TS 2017 ROUTE BUILDING #3 - Railworks File Information
TS 2017 ROUTE BUILDING #3 - Railworks File InformationLet's begin this tutorial with one simple fact that some people just cannot seem to grasp:
"Computers can't think! They just run programs."
Some folks would swear that their computer has gremlins. It just will not do what they want it to do. The one thing that they fail to consider is that computers are "absolute," which means that they cannot figure out what you want of them. They do what they are told, and nothing else! And so, if something isn't working, it's not likely the computer. It would be the file.
Railworks uses a number of files with file extensions unique to the simulation. This is well and good to prevent folks from reverse engineering their product, or from using the files in another application. It does, however, present a challenge to developers because of the enormous amount of file conversions that have to be made to models and textures in order to make them appear in Train Simulator.
It is not enough to copy an asset from one Asset folder and paste it into another. It probably won't work because of the many cross-references pointing to and from the file. Asset files are also written to assign the asset to a particular Provider/Product. As an example, you cannot copy an asset from an RSC product folder and paste it into a DTG product folder and expect it to work.
You've probably heard it a million times before but I'm going to say it again... BACK UP any file that you intend to alter in any way. I cannot overemphasize this enough! Back up every 15 minutes or you may find yourself repeating a lot of previous work.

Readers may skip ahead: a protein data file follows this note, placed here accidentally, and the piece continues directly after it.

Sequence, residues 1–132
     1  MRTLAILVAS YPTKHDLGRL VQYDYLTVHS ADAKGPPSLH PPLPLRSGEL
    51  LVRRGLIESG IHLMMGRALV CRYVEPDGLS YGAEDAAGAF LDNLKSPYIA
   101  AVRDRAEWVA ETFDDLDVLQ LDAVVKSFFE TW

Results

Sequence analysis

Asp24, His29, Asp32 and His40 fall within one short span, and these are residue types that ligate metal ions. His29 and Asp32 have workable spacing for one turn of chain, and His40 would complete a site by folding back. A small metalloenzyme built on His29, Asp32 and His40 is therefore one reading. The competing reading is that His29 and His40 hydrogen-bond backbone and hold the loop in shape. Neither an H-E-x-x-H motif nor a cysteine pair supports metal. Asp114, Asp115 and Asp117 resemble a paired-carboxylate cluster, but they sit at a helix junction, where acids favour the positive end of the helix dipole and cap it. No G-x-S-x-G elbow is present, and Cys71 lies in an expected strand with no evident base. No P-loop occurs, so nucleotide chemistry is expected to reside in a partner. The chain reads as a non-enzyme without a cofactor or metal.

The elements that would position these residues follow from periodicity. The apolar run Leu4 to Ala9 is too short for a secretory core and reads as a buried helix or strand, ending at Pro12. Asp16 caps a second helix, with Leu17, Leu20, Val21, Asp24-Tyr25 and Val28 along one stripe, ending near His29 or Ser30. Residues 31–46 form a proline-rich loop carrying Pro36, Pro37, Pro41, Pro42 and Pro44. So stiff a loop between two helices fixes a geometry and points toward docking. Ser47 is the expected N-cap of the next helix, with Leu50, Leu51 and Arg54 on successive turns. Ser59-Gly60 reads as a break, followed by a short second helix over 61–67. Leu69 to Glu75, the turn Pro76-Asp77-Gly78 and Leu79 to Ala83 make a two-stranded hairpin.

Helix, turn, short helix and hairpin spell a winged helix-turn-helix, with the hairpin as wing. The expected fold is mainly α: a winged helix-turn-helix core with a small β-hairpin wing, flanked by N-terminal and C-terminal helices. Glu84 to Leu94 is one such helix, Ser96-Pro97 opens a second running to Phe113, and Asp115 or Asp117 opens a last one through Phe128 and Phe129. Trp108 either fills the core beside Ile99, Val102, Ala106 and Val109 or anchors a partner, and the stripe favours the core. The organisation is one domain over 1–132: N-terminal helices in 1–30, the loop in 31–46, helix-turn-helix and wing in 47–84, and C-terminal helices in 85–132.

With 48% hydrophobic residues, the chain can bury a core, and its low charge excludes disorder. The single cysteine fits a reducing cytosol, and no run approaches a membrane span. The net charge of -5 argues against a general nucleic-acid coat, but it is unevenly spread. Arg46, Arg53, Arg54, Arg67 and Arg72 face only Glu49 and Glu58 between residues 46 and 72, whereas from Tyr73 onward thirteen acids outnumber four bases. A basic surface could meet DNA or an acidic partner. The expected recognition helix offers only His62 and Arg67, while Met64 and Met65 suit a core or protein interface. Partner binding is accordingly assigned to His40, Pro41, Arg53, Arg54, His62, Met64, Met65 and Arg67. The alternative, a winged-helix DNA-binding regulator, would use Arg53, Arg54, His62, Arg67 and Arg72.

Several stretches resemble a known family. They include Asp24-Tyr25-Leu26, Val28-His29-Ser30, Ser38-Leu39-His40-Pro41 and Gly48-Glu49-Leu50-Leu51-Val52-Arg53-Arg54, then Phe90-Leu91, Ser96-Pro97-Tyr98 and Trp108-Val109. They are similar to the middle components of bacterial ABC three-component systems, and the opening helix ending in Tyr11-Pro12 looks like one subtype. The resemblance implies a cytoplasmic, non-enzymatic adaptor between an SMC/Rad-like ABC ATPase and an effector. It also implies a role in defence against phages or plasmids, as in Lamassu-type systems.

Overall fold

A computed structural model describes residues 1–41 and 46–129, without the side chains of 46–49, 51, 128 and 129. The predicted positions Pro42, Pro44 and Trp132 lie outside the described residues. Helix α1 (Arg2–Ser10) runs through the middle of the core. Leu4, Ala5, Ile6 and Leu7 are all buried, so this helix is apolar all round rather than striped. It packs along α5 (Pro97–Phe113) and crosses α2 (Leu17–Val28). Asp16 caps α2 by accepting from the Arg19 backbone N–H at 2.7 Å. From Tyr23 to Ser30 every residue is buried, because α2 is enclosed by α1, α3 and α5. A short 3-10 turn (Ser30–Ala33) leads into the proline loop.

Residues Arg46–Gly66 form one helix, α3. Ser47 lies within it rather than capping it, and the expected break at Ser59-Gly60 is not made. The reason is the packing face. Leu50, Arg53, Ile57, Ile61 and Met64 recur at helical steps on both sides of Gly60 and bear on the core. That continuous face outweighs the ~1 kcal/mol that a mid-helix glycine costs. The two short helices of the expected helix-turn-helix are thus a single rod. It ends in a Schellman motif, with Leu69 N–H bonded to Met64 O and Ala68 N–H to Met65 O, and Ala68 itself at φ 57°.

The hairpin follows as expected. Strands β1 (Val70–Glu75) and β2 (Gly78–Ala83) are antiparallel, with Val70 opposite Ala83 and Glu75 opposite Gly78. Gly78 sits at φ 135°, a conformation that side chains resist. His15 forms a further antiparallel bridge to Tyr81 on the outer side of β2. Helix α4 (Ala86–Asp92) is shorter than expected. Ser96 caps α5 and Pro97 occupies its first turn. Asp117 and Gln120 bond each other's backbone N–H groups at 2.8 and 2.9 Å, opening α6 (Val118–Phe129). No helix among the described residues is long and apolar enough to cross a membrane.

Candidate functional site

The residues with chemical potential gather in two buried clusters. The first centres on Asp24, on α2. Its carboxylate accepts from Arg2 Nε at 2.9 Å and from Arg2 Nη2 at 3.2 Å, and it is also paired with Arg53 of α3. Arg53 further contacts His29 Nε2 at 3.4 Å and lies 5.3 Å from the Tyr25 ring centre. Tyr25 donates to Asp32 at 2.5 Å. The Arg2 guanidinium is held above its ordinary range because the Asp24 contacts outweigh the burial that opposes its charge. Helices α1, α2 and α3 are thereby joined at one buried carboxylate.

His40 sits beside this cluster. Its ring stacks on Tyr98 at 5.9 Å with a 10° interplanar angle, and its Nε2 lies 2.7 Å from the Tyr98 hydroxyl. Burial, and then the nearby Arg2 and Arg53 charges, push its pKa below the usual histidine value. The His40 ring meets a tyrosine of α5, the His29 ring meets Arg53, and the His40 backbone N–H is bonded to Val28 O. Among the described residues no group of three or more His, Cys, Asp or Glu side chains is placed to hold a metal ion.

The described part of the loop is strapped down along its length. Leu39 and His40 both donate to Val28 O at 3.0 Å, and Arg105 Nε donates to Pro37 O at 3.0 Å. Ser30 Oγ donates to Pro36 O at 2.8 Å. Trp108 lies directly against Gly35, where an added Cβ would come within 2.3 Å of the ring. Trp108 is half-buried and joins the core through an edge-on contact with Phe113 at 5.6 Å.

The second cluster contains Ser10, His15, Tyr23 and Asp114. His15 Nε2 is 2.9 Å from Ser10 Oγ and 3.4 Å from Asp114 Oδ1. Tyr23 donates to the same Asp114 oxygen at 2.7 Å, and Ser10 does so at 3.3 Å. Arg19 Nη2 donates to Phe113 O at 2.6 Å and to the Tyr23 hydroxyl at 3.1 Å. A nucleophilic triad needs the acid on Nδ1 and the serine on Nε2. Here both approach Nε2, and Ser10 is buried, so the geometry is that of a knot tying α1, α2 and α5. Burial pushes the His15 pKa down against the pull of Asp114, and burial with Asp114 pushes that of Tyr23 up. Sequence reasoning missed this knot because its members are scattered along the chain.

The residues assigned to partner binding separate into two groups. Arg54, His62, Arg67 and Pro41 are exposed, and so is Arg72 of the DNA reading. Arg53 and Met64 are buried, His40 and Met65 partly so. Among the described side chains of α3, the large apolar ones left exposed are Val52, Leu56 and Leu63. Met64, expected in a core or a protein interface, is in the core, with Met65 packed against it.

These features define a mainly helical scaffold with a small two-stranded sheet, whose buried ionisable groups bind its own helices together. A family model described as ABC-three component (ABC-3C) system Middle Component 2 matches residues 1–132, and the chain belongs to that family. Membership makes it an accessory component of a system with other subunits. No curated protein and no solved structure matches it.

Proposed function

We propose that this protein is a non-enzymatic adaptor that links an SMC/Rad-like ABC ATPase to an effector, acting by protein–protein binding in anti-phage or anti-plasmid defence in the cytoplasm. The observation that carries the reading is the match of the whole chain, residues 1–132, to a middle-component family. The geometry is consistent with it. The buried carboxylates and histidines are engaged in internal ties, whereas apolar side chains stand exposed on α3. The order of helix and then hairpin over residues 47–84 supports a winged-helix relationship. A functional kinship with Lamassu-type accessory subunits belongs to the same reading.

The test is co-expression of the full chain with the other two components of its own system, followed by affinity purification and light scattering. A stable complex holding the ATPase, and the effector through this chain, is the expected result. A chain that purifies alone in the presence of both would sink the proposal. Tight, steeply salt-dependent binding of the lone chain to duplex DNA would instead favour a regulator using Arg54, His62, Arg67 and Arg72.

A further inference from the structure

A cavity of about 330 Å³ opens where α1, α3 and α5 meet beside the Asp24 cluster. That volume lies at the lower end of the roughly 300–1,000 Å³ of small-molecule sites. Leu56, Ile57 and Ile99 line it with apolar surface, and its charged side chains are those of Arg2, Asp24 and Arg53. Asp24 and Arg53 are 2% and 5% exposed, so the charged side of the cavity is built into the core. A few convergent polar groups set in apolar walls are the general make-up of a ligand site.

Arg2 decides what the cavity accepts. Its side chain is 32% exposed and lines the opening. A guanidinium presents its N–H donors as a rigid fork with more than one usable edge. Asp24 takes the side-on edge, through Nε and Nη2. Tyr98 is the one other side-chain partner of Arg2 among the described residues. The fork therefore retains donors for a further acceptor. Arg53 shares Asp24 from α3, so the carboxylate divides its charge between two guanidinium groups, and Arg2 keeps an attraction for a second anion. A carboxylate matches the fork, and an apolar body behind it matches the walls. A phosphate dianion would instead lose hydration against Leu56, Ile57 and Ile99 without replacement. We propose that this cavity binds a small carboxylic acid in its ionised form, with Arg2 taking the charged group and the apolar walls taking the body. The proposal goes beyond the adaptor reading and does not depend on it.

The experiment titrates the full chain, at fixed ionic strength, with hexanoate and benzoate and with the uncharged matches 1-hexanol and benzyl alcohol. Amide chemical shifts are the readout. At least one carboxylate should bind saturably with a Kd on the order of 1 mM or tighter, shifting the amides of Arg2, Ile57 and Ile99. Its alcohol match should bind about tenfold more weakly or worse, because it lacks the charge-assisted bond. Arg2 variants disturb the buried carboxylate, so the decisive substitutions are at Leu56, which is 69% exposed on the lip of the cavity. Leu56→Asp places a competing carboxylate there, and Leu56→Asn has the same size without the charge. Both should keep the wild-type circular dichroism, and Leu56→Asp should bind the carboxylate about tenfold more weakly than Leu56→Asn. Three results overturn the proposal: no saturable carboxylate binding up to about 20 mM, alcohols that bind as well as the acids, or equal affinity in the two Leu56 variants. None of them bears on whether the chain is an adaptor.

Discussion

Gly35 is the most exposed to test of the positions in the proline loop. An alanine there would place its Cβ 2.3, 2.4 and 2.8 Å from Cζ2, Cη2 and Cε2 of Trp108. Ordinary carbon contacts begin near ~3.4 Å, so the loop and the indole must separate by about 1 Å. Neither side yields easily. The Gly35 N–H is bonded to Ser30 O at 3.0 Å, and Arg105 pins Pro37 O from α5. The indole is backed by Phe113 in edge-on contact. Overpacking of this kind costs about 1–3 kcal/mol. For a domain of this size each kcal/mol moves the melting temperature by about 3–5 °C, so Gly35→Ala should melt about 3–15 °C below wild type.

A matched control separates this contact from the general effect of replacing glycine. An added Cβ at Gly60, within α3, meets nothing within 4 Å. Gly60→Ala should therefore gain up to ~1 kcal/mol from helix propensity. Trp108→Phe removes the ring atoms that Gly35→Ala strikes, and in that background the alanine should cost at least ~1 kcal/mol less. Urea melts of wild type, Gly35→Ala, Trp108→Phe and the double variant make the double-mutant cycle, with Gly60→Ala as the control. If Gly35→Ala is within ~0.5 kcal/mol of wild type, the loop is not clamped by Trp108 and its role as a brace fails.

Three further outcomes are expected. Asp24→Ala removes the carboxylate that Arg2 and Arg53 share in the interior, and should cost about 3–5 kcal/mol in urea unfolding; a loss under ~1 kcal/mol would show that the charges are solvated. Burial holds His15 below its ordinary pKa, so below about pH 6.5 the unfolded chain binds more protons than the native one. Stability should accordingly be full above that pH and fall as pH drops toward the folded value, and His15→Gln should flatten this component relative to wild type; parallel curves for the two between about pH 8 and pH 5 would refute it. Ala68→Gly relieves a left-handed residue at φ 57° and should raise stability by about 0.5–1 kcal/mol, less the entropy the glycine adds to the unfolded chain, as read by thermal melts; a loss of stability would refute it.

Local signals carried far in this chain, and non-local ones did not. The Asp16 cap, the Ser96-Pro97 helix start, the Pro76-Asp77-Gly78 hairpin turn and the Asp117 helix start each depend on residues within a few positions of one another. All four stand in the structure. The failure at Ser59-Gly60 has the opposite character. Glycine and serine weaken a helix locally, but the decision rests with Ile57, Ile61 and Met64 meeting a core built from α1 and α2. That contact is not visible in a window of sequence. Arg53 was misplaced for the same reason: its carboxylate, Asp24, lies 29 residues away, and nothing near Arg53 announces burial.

I might suggest a simple way to back up original files is by adding a .oem extension to the file name, including its original file extension. As an example: "Horse.bin" becomes "Horse.bin.oem". I have found this to be the easiest method of backing up an original file in the original folder just in case I have to put it back. The file has retained its original name. I just simply remove the .oem extension and the original file is back the way it was.
Direct file manipulation is not recommended unless you are very sure of what you are doing. One little spelling error or omission could completely render the file useless. Direct editing of another author's file could also constitute theft, especially if one intends to redistribute the file to anyone else, whether it be in a Freeware or Payware route.
File Clutter is another issue that ought to be kept in check. I have particularly noted this with the distribution of Freeware routes. Since freeware routes typically use assets belonging to others it is necessary that the asset be stored in the Provider/Product folders in which the asset came. Imagine, if you will, using a tree from one provider, an automobile from another, a building from yet another, and so on. In a short while your Asset folder could become very cluttered with hundreds of Provider and Product folders. For this reason (and this is just my preference) I tend to steer clear of Freeware routes.
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